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How to become a better driver? It's a question that many people in Oregon ask themselves when they take their first driving lesson.
The answer to this is not as simple as you might assume. There are many factors that play into becoming a great driver, such as how you react in dangerous situations and what kind of car you drive. But, this article focuses on the six things you can do to become a better driver.
In Oregon, you must be over 16 years old to get a learner's permit and start driving. The Oregon DMV website has many resources to help you prepare for your test, including a practice permit test.
Be sure to read the Oregon Driver Manual, which covers everything from road rules to how to handle different driving situations. If you find it hard to go through the DMV handbook while preparing for the learners permit test, you can find many cheat sheets and study guides online. The study guides should help simplify the material so you can better focus on what's important when taking the test.
While getting a driving license is a rite of passage for teenagers, it's important to get some practice in before hitting the open road. Ask an adult to let you borrow their car for a weekend and take turns driving around different areas. This will help boost your confidence when behind the wheel and make you better prepared for real-world scenarios.
In Oregon, distracted driving is a leading cause of traffic fatalities. According to the Oregon Department of Transportation, in 2020, there were 68 fatalities resulting from distracted driving.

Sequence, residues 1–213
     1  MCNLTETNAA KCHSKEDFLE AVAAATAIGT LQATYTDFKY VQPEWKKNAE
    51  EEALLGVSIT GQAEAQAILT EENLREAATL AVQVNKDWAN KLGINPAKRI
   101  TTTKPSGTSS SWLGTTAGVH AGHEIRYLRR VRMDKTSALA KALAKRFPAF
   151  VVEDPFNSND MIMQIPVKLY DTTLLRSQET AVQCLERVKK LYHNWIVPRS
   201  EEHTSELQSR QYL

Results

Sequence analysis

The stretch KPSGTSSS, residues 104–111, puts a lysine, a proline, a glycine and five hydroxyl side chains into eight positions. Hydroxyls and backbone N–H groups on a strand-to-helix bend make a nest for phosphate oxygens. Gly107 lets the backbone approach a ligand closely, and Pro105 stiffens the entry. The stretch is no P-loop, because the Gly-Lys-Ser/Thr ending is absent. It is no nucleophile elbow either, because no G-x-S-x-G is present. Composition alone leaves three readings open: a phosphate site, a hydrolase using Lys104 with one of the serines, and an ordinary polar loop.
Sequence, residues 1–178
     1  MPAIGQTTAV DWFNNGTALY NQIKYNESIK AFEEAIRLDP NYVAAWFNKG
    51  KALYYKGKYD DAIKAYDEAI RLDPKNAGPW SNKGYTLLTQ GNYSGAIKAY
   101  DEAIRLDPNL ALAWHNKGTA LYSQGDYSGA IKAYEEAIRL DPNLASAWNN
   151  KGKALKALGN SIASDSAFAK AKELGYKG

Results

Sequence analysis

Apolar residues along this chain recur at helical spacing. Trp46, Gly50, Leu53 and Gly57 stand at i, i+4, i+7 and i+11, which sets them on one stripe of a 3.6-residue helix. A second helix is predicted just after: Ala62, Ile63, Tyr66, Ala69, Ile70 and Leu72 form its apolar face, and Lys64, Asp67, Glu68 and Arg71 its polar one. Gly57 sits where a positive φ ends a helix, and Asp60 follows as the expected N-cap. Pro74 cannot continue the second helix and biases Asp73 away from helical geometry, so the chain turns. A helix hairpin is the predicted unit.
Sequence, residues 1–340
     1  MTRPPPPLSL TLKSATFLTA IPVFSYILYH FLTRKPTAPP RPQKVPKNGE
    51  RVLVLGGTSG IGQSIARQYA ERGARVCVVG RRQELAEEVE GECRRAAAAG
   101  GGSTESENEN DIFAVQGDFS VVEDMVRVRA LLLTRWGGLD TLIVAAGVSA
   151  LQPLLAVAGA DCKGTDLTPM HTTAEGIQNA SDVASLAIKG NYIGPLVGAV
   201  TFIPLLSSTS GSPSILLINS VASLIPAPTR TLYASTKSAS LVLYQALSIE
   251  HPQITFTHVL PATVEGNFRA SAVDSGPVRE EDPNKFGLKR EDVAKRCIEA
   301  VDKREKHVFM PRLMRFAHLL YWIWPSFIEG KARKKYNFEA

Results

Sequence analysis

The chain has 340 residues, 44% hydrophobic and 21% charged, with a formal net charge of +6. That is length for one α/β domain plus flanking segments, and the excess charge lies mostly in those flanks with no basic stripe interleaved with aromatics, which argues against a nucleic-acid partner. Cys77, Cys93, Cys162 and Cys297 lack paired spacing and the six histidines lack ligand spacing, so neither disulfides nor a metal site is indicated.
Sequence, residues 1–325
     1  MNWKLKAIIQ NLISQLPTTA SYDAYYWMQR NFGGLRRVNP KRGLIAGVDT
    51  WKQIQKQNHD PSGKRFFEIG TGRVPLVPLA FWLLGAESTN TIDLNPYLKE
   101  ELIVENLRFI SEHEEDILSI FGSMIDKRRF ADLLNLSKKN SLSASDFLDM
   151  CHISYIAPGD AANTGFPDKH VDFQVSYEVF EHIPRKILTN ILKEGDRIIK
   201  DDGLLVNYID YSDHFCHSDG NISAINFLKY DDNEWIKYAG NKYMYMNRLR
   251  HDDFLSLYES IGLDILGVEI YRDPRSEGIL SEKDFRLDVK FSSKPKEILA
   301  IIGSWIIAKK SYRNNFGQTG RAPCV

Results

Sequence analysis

Many things can distract a driver, but cellphone use, eating or drinking, and grooming are the three most common. To avoid distractions while driving:
Your driving instructor will often tell you that you're the only sane driver on the road, and they're right. There is never a better time to practice defensive driving than when learning how to drive. Defensive driving means being in the know of your surroundings and taking steps to avoid potential accidents. This includes knowing when to use your signals, keeping a safe distance from other cars, and watching for pedestrians and cyclists.
The best way to practice defensive driving is to drive in different environments, such as in busy city streets or highways. Try to think about what other drivers may do and be prepared to take evasive action if necessary. Remember that it's better to be safe than sorry!
If you want to become a better driver, keeping your car in good condition is one of the most crucial things you can do. Not only does it indicate to other drivers on the road that you care about using a safe and reliable vehicle, but having a well-maintained car will also improve your driving experience by making sure everything works as expected. It doesn't matter how little a problem may appear to be, addressing it as soon as possible can help avoid bigger and more costly issues down the road.
The car you use for your driving classes may be different from the car you drive every day. Say, for instance, the school may be using a large SUV while you drive an economy car. One thing that may trip up new drivers is the blind spots of your vehicle, which can be dangerous when it's difficult to check before changing lanes or merging into traffic. Fortunately, knowing how to inspect your blind spots properly!
Look over at the spot next to you while slowly driving forward in first gear to do this correctly. Note any other cars coming near these areas so you know what they might look like while moving. If no obstructions are present while looking out for oncoming vehicles or parked cars, then congratulations. You've mastered one of the essential elements of safe driving!
Driving can be an enjoyable and liberating experience, but only if you’re doing it safely. The tips you need to know to become a better driver are mentioned above. Practice makes perfect, so make sure to get out there on the roads and start practicing!
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